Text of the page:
Wood Carving Projects for Kids

Mark Morris

Wood carving is a skill that can be learned from an early age with appropriate instruction and tools. Since it does require a certain degree of hand-eye coordination to maintain safety, children 8 to 10 years of age are probably ready to start learning basic whittling skills with a pen knife.

Whittling a pencil is a good first project.

More complex carving should only be taught once the basics are mastered.


Start with a pen or paring knife. These knives have rounded blades, with less of a tip and an edge on only one face, as opposed to carving knives, which can have a sharp edge around the the entire blade. Start with whittling that works away from the body, with the hand that is not holding the knife well clear of the cut. Once more advanced skills are introduced, use a leather or wooden thumb sheath for protection. Do not allow an inexperienced carver to handle any knife without instruction and supervision.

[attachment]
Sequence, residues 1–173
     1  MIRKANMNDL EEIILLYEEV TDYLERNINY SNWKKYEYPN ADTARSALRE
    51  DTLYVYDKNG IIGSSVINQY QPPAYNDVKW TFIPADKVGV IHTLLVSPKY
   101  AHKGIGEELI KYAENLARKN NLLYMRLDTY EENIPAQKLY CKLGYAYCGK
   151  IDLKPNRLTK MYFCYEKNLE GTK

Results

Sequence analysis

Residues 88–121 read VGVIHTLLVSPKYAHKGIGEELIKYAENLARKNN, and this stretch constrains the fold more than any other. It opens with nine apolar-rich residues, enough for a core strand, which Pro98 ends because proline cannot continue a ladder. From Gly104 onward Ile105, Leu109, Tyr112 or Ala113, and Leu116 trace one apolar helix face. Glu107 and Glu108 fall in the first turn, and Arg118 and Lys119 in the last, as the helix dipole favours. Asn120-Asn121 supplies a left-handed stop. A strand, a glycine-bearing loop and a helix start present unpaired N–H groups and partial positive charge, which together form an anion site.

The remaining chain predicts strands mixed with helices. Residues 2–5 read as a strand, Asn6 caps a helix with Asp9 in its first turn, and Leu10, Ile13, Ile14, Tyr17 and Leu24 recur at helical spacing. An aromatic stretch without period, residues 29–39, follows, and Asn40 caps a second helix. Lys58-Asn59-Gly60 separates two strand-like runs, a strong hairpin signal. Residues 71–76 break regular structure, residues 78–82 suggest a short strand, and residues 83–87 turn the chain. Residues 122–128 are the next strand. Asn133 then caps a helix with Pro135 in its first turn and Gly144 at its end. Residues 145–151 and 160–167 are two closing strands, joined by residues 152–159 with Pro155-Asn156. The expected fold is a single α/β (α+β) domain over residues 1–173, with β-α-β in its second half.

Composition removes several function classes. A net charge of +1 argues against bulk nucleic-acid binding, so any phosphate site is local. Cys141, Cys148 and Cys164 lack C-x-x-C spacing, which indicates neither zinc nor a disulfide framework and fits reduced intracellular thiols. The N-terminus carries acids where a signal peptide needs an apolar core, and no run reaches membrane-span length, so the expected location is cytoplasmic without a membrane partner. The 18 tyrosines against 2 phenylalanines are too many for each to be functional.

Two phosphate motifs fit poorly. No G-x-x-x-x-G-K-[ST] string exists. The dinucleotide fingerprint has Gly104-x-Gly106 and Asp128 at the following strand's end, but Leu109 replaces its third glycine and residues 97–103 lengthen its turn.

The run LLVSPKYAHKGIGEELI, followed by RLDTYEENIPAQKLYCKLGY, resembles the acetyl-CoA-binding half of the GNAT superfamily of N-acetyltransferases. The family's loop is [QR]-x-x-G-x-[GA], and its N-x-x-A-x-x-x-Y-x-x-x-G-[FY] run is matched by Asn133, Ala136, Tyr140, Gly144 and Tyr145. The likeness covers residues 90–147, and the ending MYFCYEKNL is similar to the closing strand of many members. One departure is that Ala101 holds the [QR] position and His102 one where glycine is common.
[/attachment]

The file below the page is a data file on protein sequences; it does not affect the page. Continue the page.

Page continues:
Whittling Projects

Start with simple projects such as a pencil made from a twig. Sharpen the end, then allow the end to burn in your campfire, or barbecue to create a charcoal tip you can write with. Tent pegs are another item that can be made from a simple whittled stick. Whittle the bark from a longer limb to create a custom walking stick. Use the tip of the knife to carve your initials into your staff for even more customization.

Flat Carving

Draw designs on a flat plaque to create a one-of-a-kind decorator item, gift or award. Carve the design using carving chisels and a wood mallet. Choose your chisels carefully to get the effects you want. Different chisel tips cut at different depths and have differing profiles. Draw your design on a box lid or face and carve it in the same way. Common motifs include nature, such as flowers and birds, geometric designs and even initials.

Three-dimensional Carving

If the young carver is part of a scouting program, a neckerchief slide is a good project for a more advanced carver. Designs are available from the Boy Scouts for kerchief slides featuring many of their mascots and other designs. Once basic three-dimensional carving is learned, the options are limited only by the imagination. Create small figurines or items such as trees. Combine several small carvings to create a display, or diorama.